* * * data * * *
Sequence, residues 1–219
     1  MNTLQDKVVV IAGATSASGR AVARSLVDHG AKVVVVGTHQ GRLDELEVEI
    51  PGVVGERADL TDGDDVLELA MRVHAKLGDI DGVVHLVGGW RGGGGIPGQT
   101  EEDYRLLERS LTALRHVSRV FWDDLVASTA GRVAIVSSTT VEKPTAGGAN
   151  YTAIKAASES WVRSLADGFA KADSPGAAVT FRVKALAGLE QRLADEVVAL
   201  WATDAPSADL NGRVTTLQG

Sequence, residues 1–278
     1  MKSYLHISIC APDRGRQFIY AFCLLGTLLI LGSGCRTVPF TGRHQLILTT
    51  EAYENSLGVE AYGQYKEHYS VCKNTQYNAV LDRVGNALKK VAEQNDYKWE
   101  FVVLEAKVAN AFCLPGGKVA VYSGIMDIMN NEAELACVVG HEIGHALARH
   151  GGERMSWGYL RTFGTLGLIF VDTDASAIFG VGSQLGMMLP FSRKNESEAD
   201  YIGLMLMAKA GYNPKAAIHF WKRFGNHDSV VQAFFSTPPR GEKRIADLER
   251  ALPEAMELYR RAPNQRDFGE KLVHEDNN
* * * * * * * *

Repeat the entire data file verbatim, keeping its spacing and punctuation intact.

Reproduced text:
Sequence, residues 1–219
     1  MNTLQDKVVV IAGATSASGR AVARSLVDHG AKVVVVGTHQ GRLDELEVEI
    51  PGVVGERADL TDGDDVLELA MRVHAKLGDI DGVVHLVGGW RGGGGIPGQT
   101  EEDYRLLERS LTALRHVSRV FWDDLVASTA GRVAIVSSTT VEKPTAGGAN
   151  YTAIKAASES WVRSLADGFA KADSPGAAVT FRVKALAGLE QRLADEVVAL
   201  WATDAPSADL NGRVTTLQG

Sequence, residues 1–278
     1  MKSYLHISIC APDRGRQFIY AFCLLGTLLI LGSGCRTVPF TGRHQLILTT
    51  EAYENSLGVE AYGQYKEHYS VCKNTQYNAV LDRVGNALKK VAEQNDYKWE
   101  FVVLEAKVAN AFCLPGGKVA VYSGIMDIMN NEAELACVVG HEIGHALARH
   151  GGERMSWGYL RTFGTLGLIF VDTDASAIFG VGSQLGMMLP FSRKNESEAD
   201  YIGLMLMAKA GYNPKAAIHF WKRFGNHDSV VQAFFSTPPR GEKRIADLER
   251  ALPEAMELYR RAPNQRDFGE KLVHEDNN